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Short Answer Questions

Short Answer Questions Help

How to Write Short Answer Questions

Most students struggle when they take an exam due to a lack of preparation. But if you take the time to understand what the particular exam entails – whether it is a multiple-choice type or short essay questions – you can gain a major edge going into test day.

This particular article focuses on how to write short answer questions (SAQs) from the perspective of your professor's expectations. While every professor has their own particular ideas about how to answer short response questions, these short answer test tips should work in most cases.

Keep in mind that in order to succeed at any test, you should attend all lectures, take good notes, read all of the class materials, ask questions when something is unclear, and never wait until the night before the exam to start studying. If you develop good study habits, you will find yourself on the right track and ready to conquer any exam.

Let us take another look at the short-answer exam. To being with, a short-answer exam really is what it means: a series of short response questions that require a concise answer and nothing more. They can often be answered in a couple of words or a phrase, a short numerical answer, or even through a basic graph.

Some professors penalize their students if their answer is overly long. But most of them are more concerned with the answers being correct. When taking the exam, you want to use caution regarding length. If you take 5 sentences to answer a question that could easily be answered in 2, and any of that additional information is incorrect, you are certain to lose points. Rule of thumb: only include extra info if you are positive that it can improve your score.

Types of Test Questions

Now let us take a look at the six most common short-answer question prompts: define, explain, give an example, relate, calculate, make a graph. If you familiarize yourself with them, you can learn how to write short answer questions.


This is self-explanatory: all that is required is to provide a definition of a term or idea.

Example: “What is the capital gains tax?” Answer: “It is the tax levied on profits realized on the sale of stocks and other non-inventory assets.”


Simply provide an explanation for why an idea or concept is true or how an object or process works.

Example: “Why does the demand for luxury goods increase as the price increases?” Answer: “Because there is a certain prestige attached to attaining something that the average person could never afford.”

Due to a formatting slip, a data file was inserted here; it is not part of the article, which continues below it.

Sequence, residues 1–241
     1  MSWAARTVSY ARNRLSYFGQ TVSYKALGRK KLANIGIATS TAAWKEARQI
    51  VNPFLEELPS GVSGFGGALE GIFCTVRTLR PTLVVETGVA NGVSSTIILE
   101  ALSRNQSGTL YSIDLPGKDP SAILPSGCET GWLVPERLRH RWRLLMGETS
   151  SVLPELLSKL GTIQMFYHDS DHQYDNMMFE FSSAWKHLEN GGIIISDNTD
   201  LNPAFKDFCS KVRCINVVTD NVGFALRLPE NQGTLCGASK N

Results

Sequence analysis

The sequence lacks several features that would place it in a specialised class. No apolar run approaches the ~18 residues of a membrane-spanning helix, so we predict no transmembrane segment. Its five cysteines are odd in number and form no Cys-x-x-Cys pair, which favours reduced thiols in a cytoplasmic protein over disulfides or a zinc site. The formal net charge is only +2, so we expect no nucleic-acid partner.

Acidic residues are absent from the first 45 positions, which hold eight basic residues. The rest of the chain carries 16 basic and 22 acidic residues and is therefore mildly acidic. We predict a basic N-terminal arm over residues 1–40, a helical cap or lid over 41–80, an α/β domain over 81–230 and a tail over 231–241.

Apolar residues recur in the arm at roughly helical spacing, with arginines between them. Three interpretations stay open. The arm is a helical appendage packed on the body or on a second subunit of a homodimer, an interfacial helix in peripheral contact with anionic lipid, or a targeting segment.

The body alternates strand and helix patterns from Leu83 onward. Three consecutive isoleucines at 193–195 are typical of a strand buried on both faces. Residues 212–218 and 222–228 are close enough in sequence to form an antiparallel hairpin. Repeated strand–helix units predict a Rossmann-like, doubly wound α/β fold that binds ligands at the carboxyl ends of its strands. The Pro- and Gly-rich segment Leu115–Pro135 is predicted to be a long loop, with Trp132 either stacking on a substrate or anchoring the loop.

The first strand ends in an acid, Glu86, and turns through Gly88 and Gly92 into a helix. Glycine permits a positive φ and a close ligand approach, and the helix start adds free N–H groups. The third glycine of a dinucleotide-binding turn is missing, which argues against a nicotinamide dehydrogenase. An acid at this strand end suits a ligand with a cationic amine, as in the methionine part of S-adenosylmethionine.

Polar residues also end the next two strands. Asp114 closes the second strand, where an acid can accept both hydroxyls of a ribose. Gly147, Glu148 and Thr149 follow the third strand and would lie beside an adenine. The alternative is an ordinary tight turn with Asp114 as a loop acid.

Give an Example...

For this, simply provide an example of one or several specific occurrences of an idea or concept.

Example: “Give two examples of pairs of goods that serve as near perfect substitutes.” Answer: “Orange juice and apple juice. Butter and margarine.”


For this, simply discuss how two or more concepts or objects are related. Is one different from the other? If so, how? Are they perfectly alike? Does one represent the other in some way? (Note: students typically find this type of question to be the most challenging)

Example: “Why would a rise in the price of sugar lead to an increase in the sales of honey?”

Answer: “When the price of a product goes up, people will seek out a substitute that more or less services the same purpose. In this case, a rise in sugar prices should lead to higher sells of honey, assuming the price of honey remained unaffected.”


For this, you need to apply some mathematics.

Example: “Tom and Sally own a coffee shop that makes delicious nut bread. They need to buy flour, which costs $2 per pound and nuts, which cost $1.50 per pound. They have $68 in their budget. The weight of the nuts should be four times that of the flour.”
Answer: f = flour (pounds), n = nuts (pound) f = 4n, 2f + 1.5n = 68, 2(4n) + 1.5n = 68, 9.5n = 68, n ≈ 7.16

Make a Graph...

This requires a basic graph with clearly labeled axes and curves. Unless the question asks for written explanation, it is not necessary to provide one.

Example: “Draw a supply/demand curve.”

Typical Mistakes

Do not make the mistake of providing an answer to one type of question if you are being asked a different type. For example, if it is an explanation question, don't provide a definition instead even if your answer is technically correct since that is not the question you are being asked. Professors dock points for that no matter how beautiful your answer might be.

A few final short answer test tips. Make sure you are not accidentally answering only part of a question. In a rush to get their exams completed, a lot of students might overlook the fact that a certain question has two or more steps. This is particularly true if you are calculating formulas. You might solve part of an equation (such as quantity maximization) but forget to also calculate price as required in the question. Likewise, if the question specifically asks you for more than one example, do not settle for just one (unless, of course, you are unable to think up a second example, but even then you should try).

Even if you are not sure how to write short answer questions in some cases, never leave the question blank. Always write down something because you at least stand a chance of getting partial credit. On the other hand, not providing any kind of answer is the surefire way to get a zero for that particular question.

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